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How To: Looking After A Baby When You’re Sick/Fatigued

Looking after a baby is hard work at the best of times, but when you’re sick it can be overwhelming. Whether you’re parenting with chronic illness, a bad cold or tummy bug, or fatigue (either from illness or too many sleepless nights!), it helps to have a plan for how you’re going to manage. So, based on my experience as a mama with chronic illness, I’ve pulled together my top tips on looking after a baby when you’re sick or fatigued. Read on to find out more…

looking after a baby when you suffer from chronic illness or you're sick top tips the sickly mama

Looking After A Baby When You’re Sick

Ask For Help

Whether you’re suffering from a temporary issue – a cold, a tummy bug, a flare up of your condition – or ongoing consistent symptoms from a chronic illness, ask for help. It’s okay! Even the healthiest, heartiest parents need help sometimes. It won’t do you any good to try to do everything yourself. And people love babies, so chances are you’ll have more people willing to help you out than you may imagine… But you do have to ask.

When you do ask for help, try to be specific about what you need – for instance, help around the house, fetching groceries or popping to the pharmacy, or just holding the baby. Most people will want to help if you let them know how. If people have popped over to see the baby, get them to help you out – for instance, they could hold baby for an hour so you can nap!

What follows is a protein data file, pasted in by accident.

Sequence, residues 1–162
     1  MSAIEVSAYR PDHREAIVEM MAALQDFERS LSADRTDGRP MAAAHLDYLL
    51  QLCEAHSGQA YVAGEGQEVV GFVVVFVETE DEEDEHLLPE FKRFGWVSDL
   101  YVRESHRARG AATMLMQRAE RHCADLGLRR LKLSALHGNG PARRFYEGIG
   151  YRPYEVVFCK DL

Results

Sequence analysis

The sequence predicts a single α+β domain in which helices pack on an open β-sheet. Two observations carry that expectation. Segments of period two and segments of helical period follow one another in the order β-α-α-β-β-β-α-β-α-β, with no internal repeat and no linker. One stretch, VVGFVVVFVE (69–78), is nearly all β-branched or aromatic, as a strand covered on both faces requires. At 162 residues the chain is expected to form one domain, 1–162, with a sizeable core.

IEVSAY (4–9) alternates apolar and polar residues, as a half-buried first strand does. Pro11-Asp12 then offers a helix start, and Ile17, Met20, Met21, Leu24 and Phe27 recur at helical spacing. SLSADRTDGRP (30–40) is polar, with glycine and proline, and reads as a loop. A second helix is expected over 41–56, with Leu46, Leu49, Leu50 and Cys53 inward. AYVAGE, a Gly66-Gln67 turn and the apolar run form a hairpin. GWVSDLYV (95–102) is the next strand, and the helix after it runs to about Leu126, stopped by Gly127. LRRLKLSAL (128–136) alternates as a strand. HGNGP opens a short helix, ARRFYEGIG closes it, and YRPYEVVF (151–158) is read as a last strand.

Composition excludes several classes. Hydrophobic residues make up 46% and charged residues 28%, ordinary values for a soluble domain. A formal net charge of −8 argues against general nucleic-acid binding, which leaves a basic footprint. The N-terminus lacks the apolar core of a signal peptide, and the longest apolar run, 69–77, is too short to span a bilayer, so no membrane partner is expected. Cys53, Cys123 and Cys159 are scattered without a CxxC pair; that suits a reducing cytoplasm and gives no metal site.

Do The Absolute Minimum

Again, might sound obvious. But if you’re feeling really unwell, do the absolute minimum you need to do. Things like the washing up, hoovering, tidying, even having a shower… You don’t absolutely have to do them. You need to feed yourself and baby, change baby, and sleep. Everything else is optional! So don’t force yourself to do anything unnecessary, if you don’t have the energy for it.

This may include cancelling on some guests, especially in the early days with a new baby. If people are planning to visit and you don’t think they’ll be helpful – or perhaps you know they won’t – and you’ll end up running around after them trying to be a good host and look after baby and yourself… Cancel the visit. You need to prioritise the well-being of yourself and your baby, and that’s okay.

…Except When You’re Okay

On the days or times where you are feeling better, that’s the time to prepare for the bad days! This may seem more obvious if you have a chronic health condition where the symptoms come and go – but even if you don’t, there will be good days and bad days. You never know when you might catch a cold or flu, or have an upset stomach, and even babies who are normally good sleepers will go through bad patches. So make sure that you’re prepped for bad days.

What does being prepared look like? Here are some suggestions:

  • A stash of easy emergency meals in the freezer – things you can just pop in the oven/microwave and leave.
  • An upstairs and downstairs nappy change station with everything you need for changing, so you don’t have to carry baby too far for changes.
  • A small stockpile of key items for baby (nappies, wipes, formula etc.) that will last for at least a week, so you’re not going to run out and need to go to the shops urgently when you’re feeling sick and/or exhausted.
  • Similarly, try to ensure you have a good stock of spare clothes for your little one, so you’re not going to end up in a pickle if you can’t do laundry for a few days.